Wednesday, November 23, 2011

Identifying Problem Drivers: Signature Verification Tool


There is no shortage of bad software floating around the modern Internet. Many companies and people alike  find ways to piece things together without looking at development best practices and following good design practices. When this occurs with low level (close to the hardware) programs such as kernel mode device drivers, the result can range from random crashes to destroyed hardware.

To help prevent problems caused by device drivers, Microsoft created the Windows Logo Program and the tests administered by the Windows Hardware Quality Lab (WHQL) to help prevent the buggiest and most poorly developed drivers from becoming mainstream. These programs don't guarantee that drivers and devices will be free of errors, but they help to limit the number of errors experienced by an average user.

From time to time, people install unsigned device drivers to support an application or device that has not successfully completed WHQL testing. Since these drivers aren't up to the standards promoted by Microsoft, these drivers tend to be more error prone and simple changes to the system can cause these drivers to misbehave and cause system stop errors, also known by blue screen of death (BSOD), Bugcheck,...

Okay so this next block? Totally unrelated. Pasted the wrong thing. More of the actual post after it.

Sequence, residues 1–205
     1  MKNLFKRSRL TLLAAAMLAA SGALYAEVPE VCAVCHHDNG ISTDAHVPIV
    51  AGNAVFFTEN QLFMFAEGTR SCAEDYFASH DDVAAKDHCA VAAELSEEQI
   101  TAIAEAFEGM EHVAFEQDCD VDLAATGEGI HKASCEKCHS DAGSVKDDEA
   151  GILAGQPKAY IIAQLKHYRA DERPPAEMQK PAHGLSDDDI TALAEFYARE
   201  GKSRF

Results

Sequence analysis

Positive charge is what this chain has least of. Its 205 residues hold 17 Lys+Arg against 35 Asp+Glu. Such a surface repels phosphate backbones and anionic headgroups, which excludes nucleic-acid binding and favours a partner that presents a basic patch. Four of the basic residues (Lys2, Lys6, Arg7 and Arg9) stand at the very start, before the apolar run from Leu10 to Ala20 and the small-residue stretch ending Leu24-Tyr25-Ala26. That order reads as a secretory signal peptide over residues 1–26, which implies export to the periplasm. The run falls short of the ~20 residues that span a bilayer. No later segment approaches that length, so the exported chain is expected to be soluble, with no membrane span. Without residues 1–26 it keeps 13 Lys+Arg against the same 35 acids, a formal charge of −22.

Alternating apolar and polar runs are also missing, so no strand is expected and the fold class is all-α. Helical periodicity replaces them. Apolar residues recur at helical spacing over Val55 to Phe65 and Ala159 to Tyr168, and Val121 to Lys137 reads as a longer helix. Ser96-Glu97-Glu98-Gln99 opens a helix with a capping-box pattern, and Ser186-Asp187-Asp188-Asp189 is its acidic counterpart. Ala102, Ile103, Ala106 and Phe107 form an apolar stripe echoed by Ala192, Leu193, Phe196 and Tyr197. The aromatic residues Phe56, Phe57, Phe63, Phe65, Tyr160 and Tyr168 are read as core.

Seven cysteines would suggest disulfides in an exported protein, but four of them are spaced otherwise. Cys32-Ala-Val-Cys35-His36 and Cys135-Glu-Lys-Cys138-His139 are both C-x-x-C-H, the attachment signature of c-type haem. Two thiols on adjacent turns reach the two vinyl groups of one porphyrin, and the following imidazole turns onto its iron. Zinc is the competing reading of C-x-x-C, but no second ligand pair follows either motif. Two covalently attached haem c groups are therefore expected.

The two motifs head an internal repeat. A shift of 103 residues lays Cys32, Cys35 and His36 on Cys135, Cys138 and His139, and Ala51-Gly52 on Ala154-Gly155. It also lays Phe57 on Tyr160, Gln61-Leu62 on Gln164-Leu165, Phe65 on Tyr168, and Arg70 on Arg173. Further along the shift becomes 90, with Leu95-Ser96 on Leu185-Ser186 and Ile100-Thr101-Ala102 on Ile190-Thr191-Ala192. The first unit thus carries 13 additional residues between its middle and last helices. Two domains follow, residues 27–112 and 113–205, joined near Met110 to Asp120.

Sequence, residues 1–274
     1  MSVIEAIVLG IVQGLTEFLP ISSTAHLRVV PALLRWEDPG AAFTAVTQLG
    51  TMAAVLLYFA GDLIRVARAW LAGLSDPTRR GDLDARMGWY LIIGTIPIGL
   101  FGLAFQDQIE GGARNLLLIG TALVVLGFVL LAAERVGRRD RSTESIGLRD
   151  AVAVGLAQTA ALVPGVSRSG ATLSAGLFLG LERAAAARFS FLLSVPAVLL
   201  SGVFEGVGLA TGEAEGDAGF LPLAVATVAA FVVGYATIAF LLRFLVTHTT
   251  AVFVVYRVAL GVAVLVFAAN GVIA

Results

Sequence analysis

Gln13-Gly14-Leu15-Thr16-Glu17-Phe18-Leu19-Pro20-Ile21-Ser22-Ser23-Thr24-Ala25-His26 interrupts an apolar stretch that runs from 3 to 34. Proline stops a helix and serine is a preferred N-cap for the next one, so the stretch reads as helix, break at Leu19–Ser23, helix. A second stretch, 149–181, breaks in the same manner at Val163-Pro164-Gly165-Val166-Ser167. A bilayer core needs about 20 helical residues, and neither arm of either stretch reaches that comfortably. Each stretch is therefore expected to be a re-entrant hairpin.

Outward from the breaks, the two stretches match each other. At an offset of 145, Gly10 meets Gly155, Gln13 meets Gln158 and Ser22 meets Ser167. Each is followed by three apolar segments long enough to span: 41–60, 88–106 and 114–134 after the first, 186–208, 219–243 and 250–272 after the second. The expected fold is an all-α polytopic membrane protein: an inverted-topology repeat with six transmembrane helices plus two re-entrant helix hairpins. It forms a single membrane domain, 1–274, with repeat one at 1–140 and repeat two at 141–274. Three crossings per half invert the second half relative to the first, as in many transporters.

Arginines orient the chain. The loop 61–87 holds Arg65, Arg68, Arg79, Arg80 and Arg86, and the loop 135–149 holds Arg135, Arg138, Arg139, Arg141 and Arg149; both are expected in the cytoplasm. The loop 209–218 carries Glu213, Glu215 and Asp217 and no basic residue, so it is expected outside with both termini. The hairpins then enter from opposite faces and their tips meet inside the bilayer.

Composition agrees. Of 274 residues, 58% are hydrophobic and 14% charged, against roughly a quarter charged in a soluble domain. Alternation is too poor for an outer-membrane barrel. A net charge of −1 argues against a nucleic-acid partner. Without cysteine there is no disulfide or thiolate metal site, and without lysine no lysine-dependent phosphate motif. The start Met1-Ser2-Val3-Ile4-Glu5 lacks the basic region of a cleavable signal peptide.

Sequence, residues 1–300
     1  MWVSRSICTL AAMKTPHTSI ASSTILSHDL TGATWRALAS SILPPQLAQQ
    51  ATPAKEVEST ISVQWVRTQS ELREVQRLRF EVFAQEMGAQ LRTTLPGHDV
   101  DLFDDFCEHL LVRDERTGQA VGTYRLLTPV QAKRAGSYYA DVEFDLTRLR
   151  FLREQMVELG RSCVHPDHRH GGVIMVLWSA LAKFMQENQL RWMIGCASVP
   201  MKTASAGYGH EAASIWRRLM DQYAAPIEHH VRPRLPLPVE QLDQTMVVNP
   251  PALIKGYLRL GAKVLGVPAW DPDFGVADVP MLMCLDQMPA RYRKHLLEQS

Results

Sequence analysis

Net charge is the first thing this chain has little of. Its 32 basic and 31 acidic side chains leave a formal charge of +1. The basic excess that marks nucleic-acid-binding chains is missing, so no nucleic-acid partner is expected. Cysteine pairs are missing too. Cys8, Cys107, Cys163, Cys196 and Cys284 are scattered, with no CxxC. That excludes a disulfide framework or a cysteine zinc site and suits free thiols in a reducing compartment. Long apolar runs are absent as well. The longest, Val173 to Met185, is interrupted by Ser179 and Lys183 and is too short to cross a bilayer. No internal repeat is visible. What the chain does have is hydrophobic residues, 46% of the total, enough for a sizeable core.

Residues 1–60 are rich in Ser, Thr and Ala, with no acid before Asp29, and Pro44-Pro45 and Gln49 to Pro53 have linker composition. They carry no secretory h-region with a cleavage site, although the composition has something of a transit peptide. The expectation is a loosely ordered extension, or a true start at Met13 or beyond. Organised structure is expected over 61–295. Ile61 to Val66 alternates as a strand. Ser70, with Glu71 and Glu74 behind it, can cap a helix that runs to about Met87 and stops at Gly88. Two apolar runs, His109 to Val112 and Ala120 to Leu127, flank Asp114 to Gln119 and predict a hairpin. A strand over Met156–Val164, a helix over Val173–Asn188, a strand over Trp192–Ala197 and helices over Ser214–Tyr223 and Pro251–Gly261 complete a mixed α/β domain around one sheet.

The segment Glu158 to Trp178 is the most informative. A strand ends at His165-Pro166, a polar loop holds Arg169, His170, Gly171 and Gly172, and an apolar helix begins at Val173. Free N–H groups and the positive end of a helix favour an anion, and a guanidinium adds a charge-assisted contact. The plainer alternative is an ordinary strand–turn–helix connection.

In a troubleshooting effort that has not had a lot of traction with dump analysis, the next step is to start taking a "big picture" look at what is installed on the system. For kernel mode drivers, a logical place to start is to identify unsigned drivers, that is, drivers that have not passed WHQL certification. This is performed by using the signature verification utility (sigverif.exe) to identify unsigned drivers.

To start this tool, run sigverif.exe from the run prompt or the search prompt.

Launching this tool, there are not very many configurable options.

Simply click start, the tool will scan device drivers and other signed system files. In the end, a report is generated and provides a starting point for identifying the likely suspects on a problematic system.

If one of these drivers is suspected, it is a good idea to disable the driver or uninstall it.

See also,

Windows Crash Dump Analysis

How to Disable and Enable Windows Device Drivers

Have an idea for something that you'd like to see explored? Leave a comment or send an e-mail to razorbackx_at_gmail<dot>com

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